Interview with Kris Waldherr
Conducted by Diane Wilkes
The aestheically exquisite Goddess Tarot is one of the most popular "new" tarot decks (it was released in 1998). Kris Waldherr is the artist of the deck and author of several books, including a workbook and a companion book for the Goddess Tarot. US Games recently released a small version of the Goddess Tarot, and Waldherr is at present working on a new deck and book set, The Lover's Path Tarot. She was kind enough to answer some questions pertaining to her tarot books and artwork with Tarot Passages' readers.
Diane: Your website is called "Art and Words"
because they are the two things you value most. I know you attended the School
of Visual Arts (SVA) in NYC, which speaks to your passion and gift for art.
Which passion came first--art or words?
Kris: Both have been intertwined for as long as I can remember. As a child, I read voraciously as soon as I could make out words on a page. I was fond of everything I could get out from our local library, especially fairy tales and mythology, along with long, thick novels like Jane Eyre or Little Women. I also drew for as long as I can recall, and loved elaborately illustrated books. I still own the first one given to me by a cousin when I was four, a volume of King Arthur illustrated by Gustaf Tengren.
In terms of focus, it was a toss up which way I would go. But when I reached high school age, I discovered a three year intensive program which prepared teenagers to be professional artists -- similar to NYC's Art and Design High School. Since there were no similar programs for writers, I guess you could say that fate intervened. From there, I received my full scholarship to SVA. But I always took writing and poetry courses while working on my BFA, since I knew I wanted to create illustrated books.
Diane: You wrote the Book of Goddesses for
children, and many of your illustrations later became images for the Goddess
Tarot. How and when did you first get involved in tarot? When and how did you
decide to do the Goddess Tarot?
Kris: Actually, The Book of Goddesses was created as a crossover book for adults and children; while I was careful to keep the text accessible for kids, I really wanted it to be appealing for their moms as well. One of my main goals when I illustrate a book is to try to get the text and illustrations to work on different levels for different people. I always compare a good illustrated book to a banquet: you may not eat everything available at one sitting, but you can go back at a later date for different things to feed your appetite.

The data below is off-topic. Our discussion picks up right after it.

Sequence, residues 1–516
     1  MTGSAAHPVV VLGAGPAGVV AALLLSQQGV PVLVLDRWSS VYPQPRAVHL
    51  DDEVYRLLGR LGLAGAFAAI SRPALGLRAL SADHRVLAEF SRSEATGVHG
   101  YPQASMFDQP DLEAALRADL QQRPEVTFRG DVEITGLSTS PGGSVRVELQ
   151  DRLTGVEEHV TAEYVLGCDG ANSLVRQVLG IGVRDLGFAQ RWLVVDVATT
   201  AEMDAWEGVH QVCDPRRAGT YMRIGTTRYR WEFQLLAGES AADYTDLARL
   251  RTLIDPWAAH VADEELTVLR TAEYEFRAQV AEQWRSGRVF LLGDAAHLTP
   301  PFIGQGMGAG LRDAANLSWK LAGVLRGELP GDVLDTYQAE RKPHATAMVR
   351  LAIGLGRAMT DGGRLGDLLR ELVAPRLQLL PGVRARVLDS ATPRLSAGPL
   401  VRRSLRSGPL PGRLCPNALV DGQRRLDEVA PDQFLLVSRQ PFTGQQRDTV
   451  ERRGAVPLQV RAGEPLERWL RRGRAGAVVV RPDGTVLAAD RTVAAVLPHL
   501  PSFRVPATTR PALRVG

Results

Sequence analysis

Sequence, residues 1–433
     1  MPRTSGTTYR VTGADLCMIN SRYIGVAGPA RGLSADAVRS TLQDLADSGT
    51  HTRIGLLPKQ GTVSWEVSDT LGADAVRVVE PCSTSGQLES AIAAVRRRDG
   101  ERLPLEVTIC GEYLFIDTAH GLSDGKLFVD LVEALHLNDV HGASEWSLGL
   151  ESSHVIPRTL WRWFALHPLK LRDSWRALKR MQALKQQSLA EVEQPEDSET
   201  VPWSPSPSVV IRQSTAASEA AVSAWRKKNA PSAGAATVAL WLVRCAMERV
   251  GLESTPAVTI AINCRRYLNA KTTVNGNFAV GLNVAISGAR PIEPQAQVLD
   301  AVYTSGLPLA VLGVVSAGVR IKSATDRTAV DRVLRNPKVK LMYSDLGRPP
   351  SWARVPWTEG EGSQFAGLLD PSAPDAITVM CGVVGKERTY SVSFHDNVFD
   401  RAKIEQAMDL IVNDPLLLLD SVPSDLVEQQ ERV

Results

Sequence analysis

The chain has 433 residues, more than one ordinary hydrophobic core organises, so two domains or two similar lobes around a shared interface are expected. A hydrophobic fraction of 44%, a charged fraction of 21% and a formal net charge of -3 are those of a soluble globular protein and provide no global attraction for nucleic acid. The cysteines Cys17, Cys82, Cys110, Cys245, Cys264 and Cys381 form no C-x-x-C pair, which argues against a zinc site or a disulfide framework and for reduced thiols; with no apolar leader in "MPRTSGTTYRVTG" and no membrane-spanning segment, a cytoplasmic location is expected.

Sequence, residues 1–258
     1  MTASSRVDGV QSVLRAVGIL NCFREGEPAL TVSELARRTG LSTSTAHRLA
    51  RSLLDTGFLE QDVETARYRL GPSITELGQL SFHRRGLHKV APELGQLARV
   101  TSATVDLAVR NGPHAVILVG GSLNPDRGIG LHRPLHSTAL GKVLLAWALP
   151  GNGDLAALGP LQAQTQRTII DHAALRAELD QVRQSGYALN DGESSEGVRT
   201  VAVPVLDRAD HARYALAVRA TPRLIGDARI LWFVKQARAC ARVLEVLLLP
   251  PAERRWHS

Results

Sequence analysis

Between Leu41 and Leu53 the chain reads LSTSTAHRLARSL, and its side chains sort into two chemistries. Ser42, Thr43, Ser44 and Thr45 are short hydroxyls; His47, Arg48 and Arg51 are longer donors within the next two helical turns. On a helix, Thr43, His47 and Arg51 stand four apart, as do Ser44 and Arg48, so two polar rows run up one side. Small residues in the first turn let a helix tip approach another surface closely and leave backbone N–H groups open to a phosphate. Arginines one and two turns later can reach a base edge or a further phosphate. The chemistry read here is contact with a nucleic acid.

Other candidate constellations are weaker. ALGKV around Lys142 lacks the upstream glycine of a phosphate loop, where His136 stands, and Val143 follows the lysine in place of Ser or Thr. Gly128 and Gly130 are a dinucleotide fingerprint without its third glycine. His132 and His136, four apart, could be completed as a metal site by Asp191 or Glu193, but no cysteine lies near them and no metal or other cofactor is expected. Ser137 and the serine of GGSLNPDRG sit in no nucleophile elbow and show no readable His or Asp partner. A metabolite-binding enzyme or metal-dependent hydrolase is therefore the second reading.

I've been fascinated by tarot ever since I saw my first deck at age five -- the same cousin who had given me the King Arthur had one lying around her room. Though I didn't understand how the cards were used, there was something powerful and mysterious about the images. Later, when I was at SVA, I began working with tarot, mainly reading for myself and close friends. I first used the Aquarian deck, which was designed by one of my professors, David Palladini; I liked the art nouveau design, though I found the art a bit intense and uneven. After I graduated, I worked with the Predictive and Rider Waite. Though it may sound a bit strange, I liked how the Predictive reduced tarot to what I felt was the most essential visual elements; I felt it gave me leave to work with the symbolism on a more conceptual level. While I also was attracted to the calm serenity of the art, I quickly felt its limitations. I continued working with the Rider Waite, but I wasn't fully satisfied by it, or other decks that I saw.
It was around this time that I began to fantasize about creating my own deck -- one which would contain the elements that I wanted in a tarot deck: beauty, feminine strength, creative empowerment. I did make four drawings -- The Moon, The Sun, The Star and The High Priestess -- but became deterred by the amount of work involved. Later, when I created The Book of Goddesses in the mid 1990's, I noticed that each of the goddesses I painted seemed to correspond to a tarot trump. From there, The Goddess Tarot came into being in a very organic way.
Diane: The Minors in that deck are very RWS-influenced, and each suit shows the process of one specific goddess in each adapted card. Why did you choose to create the pips in this way?
Kris: I really wanted the Goddess Tarot to be accessible out of the box to people who had previously worked with the Rider Waite. However, at the same time, I wanted the minors to illustrate the different lessons -- or "paths" -- represented by the goddesses (Venus, Lakshmi, Isis and Freyja) affiliated with each suit. So I looked upon this as an opportunity to concretely communicate the energy of these goddesses, by incorporating familiar tarot symbolism with mythology.
Diane: Later, you wrote two books on the Goddess Tarot, a companion book and a workbook...